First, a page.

Up the coast a bit, in Solana Beach, North Coast Repertory Theatre is following the smash-hit, repeatedly-extended “Pageant” with a double whammy: two comic classics in repertory (same cast, different shows), both written by linguistic geniuses: Oscar Wilde’s timeless masterpiece, “The Importance of Being Earnest” and Tom Stoppard’s brilliant absurdist farce, “Travesties.” Written nearly 100 years apart, they both skewer society and remain surprisingly relevant. And a character in one (“Travesties”) actually performs in a production of the other (“Earnest”) so they mesh in delightfully witty ways (“Earnest” continues through 9/8 in repertory with “Travesties,” which runs 7/14-9/15; 888-776-NCRT).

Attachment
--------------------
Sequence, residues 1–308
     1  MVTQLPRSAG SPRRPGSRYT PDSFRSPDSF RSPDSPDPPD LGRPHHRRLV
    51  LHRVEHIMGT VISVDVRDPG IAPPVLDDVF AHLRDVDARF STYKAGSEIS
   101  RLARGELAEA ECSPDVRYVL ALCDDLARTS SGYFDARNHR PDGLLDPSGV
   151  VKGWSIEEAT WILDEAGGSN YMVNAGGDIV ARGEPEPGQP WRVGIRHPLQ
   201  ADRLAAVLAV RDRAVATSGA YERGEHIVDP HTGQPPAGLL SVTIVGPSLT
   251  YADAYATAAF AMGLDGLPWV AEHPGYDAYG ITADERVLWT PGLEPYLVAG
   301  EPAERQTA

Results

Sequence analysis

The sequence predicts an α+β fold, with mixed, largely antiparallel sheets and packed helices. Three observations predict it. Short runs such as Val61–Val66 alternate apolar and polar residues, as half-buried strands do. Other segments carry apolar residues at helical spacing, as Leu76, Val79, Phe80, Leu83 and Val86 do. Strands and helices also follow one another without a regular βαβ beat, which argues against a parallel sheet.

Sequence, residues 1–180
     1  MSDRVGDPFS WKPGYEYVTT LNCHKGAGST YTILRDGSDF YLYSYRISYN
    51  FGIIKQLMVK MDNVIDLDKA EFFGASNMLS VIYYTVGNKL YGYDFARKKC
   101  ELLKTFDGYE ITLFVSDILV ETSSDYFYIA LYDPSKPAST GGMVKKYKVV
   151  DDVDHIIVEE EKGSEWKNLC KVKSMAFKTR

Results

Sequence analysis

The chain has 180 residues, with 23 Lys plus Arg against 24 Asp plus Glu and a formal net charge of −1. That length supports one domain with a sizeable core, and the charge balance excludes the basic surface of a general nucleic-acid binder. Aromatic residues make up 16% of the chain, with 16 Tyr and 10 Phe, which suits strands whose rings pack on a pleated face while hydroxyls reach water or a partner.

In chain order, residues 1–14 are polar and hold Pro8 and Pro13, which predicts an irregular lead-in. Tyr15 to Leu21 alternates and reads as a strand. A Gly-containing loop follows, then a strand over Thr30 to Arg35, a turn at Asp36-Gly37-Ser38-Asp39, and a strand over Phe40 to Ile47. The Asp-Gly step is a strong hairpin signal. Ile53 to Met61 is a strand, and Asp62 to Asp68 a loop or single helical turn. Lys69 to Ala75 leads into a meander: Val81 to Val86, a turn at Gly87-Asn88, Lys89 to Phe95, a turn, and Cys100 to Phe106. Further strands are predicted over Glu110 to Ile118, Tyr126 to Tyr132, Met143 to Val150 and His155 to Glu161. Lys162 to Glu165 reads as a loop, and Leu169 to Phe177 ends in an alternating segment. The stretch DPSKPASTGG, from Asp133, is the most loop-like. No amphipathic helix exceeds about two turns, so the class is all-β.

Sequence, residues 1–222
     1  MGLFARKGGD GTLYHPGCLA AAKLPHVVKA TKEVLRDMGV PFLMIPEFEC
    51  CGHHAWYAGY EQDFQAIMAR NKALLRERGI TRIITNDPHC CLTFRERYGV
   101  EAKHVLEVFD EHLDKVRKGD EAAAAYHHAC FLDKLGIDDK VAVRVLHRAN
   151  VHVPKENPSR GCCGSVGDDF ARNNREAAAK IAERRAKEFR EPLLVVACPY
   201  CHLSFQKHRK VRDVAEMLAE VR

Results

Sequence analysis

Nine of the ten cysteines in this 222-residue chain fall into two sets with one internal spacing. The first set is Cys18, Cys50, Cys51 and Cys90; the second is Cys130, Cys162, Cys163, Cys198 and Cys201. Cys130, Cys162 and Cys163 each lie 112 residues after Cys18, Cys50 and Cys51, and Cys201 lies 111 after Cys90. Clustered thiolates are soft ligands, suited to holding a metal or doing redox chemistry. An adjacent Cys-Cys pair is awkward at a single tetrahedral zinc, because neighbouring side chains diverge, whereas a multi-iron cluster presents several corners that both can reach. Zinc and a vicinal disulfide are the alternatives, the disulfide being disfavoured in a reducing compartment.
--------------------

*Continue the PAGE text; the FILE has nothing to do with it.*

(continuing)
From North Coast Rep we move up to South Coast Rep — only the North one is south and the South one is north. Go figure. In Costa Mesa, South Coast Repertory Theatre is hosting its 17th annual Hispanic Playwrights Project, mounting public readings of new plays by four Latino writers and reprising last year’s sold-out five-writer collaboration, “California Scenarios,” a site-specific smorgasbord of five short plays, performed in an outdoor garden designed by Isamu Noguchi. Onstage, Luis Alfaro updates Sophocles’ “Electra” in “Electricidad,” which concerns Clemencia, a former rodeo queen whose husband, Agosto, is murdered, and whose son Orestes is returning home from banishment in Las Vegas. Nilo Cruz, author of the lyrical “Two Sisters and a Piano,” sets “The Beauty of the Father,” in the Costa del Sol, where a young woman is reunited with her artist father, through a statue of Federico Garcia Lorca. Playwright Magdalena Gomez was also inspired by a mystical piece of art. Her intriguing memory play, “Lobster Face (or The Shame of Amanda Cockshutt)” chronicles a woman’s journey from kindergarten to hippie life to old age. Rogelio Martinez’s contribution to the Festival is “Lost in Translation,” in which a Cuban hotelier holds guests hostage as a storm approaches — and a bigger storm ensues within. The whole event is uniquely California, and not to be missed (7/25-8/4; at South Coast Repertory Theatre in Costa Mesa; SCR, 714-708-5500).